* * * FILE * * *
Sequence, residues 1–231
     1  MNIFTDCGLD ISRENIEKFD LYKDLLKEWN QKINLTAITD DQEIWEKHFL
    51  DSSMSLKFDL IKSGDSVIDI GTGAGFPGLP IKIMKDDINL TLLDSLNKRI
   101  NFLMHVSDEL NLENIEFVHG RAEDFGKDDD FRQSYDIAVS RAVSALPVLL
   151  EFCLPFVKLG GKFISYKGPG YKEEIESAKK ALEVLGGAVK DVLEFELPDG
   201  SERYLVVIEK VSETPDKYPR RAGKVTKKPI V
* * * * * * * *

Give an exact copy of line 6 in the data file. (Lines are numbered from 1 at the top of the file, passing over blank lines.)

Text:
   201  SERYLVVIEK VSETPDKYPR RAGKVTKKPI V